The One Thing You Should Eat With Every Meal To Help Lower Blood Pressure

The Centers for Disease Control and Prevention state that in 2017, high blood pressure, or hypertension, was responsible for nearly half a million deaths in the United States alone. While it is normal for blood pressure to fluctuate over the course of a day as blood pushes against the walls of your arteries, it can cause a host of health issues and damage your heart if it stays consistently high or higher than average for an extended period of time.

Symptoms of high blood pressure include headaches, shortness of breath, and nose bleeds. But you do not need to be experiencing any of these to have high blood pressure, as, according to the Mayo Clinic, this condition usually develops slowly over years and is often present without any signs whatsoever. Luckily, doctors routinely screen for high blood pressure which is incredibly easy to detect. If you are not able to see a doctor regularly, you can get a free blood pressure screening at many pharmacies through a machine that tests for the condition. 

While doctors are not sure what causes high blood pressure, some risk factors include stress, a family history of the condition, using tobacco products or drinking heavily, not being physically active, and consuming too much salt. What you fail to include in your meals can also play a role.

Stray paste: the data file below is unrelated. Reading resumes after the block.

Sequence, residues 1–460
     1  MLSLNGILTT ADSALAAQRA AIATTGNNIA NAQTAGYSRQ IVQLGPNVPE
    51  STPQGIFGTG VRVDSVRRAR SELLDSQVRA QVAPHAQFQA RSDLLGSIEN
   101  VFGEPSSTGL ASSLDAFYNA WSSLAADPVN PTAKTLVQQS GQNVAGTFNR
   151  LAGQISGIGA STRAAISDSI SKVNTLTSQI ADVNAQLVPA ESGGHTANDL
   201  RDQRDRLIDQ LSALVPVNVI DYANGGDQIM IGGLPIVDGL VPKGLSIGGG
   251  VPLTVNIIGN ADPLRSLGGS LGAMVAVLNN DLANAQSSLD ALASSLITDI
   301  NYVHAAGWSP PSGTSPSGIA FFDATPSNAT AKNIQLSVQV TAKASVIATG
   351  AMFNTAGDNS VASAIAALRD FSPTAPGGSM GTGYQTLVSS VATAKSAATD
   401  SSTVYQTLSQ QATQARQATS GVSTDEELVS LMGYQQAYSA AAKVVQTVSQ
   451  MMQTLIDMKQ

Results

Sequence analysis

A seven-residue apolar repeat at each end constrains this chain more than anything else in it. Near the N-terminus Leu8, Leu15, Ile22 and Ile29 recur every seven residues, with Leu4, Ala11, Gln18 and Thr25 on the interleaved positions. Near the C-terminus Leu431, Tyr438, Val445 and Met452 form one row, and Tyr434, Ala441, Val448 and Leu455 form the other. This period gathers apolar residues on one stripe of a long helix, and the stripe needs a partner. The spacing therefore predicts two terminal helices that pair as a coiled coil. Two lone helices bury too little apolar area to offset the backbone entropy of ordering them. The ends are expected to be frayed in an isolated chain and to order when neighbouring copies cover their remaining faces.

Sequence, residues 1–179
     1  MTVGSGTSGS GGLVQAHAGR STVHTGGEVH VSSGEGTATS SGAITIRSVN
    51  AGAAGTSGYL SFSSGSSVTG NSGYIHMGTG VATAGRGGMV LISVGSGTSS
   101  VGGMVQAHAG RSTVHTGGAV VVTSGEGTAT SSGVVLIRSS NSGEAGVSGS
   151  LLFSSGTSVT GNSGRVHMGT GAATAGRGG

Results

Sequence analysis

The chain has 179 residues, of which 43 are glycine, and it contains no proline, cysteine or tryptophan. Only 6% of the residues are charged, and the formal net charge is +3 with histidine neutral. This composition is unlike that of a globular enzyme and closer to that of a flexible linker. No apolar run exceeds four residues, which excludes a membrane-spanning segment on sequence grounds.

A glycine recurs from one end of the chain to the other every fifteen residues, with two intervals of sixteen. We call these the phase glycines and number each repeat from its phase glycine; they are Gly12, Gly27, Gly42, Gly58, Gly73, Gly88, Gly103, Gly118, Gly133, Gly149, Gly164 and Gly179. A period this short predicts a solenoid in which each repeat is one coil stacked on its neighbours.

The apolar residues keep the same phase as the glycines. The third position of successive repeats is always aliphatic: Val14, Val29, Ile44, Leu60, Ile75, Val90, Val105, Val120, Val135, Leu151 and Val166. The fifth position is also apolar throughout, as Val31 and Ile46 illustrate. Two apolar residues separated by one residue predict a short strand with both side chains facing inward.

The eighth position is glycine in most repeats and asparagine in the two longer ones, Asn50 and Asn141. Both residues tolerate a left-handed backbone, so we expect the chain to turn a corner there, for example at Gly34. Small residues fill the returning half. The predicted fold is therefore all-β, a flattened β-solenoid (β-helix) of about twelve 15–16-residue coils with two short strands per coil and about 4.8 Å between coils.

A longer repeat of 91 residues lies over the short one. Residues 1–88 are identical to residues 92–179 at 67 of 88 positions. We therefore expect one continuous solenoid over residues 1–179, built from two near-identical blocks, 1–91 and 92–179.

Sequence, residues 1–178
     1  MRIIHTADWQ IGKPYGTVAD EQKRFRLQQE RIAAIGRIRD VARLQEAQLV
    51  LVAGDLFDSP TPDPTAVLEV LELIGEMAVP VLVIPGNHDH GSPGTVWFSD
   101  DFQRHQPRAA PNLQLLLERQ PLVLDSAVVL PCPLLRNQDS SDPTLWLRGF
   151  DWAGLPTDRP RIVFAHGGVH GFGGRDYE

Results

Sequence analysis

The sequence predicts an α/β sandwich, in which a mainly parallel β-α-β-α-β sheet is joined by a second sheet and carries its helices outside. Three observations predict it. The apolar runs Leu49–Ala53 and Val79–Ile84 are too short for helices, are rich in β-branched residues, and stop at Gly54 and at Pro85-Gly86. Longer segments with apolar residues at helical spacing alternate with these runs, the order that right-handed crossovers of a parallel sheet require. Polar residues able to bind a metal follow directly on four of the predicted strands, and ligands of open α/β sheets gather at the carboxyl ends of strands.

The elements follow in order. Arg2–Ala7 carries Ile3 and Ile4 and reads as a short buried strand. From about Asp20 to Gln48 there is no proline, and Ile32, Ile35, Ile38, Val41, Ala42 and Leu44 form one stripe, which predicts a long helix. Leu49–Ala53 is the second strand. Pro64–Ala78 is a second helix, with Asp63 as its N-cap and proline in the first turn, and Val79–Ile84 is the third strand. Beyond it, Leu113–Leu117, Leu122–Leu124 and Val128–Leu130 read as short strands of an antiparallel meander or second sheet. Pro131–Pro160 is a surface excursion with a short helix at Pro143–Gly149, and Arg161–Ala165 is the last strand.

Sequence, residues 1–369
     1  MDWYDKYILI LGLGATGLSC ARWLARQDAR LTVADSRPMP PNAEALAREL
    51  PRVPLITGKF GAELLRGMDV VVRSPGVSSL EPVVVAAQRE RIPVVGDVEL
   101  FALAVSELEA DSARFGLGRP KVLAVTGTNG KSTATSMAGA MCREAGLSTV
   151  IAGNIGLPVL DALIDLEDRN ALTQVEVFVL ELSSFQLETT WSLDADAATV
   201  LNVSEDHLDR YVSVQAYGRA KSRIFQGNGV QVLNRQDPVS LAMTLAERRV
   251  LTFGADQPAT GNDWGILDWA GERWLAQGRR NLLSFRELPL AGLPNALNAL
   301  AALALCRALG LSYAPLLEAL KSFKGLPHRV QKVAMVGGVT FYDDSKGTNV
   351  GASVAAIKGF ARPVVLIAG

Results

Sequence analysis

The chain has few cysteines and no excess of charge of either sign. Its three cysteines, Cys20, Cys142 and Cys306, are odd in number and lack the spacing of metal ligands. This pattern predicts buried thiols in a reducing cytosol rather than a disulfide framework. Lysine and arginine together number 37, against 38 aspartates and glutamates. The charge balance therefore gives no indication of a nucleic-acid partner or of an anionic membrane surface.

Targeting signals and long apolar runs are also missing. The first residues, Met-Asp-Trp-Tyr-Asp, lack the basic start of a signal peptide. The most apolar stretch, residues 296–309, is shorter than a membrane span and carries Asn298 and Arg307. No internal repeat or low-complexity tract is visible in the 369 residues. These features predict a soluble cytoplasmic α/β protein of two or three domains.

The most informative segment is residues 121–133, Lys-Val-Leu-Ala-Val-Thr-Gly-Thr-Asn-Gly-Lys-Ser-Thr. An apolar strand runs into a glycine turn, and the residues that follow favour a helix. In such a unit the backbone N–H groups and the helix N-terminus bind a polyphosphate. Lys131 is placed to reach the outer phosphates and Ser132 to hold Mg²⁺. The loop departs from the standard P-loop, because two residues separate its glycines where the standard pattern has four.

What to eat to help lower your sodium intake

If you are concerned about your blood pressure or trying to cut back on the amount of sodium in your diet, The Daily Meal offers some advice on how to reduce your sodium intake. Two small things they say you should try to do are including more whole grains in your diet and monitoring foods that will increase your risk of hypertension so you can try to avoid eating them too frequently.

Another change The Daily Meal suggests is incorporating potassium into every meal. The American Heart Association states this is because extra potassium causes you to lose more sodium in your urine than you normally would. Consuming potassium also eases the tension in the walls of your blood vessels, which can help lower your blood pressure. Among the foods that are rich in potassium are avocados, tuna, grapefruit, lima beans, and spinach. Be sure to check with your doctor before beginning a high-potassium diet, as it can have negative effects on people with kidney issues and those with underlying health conditions or who are taking certain medicines.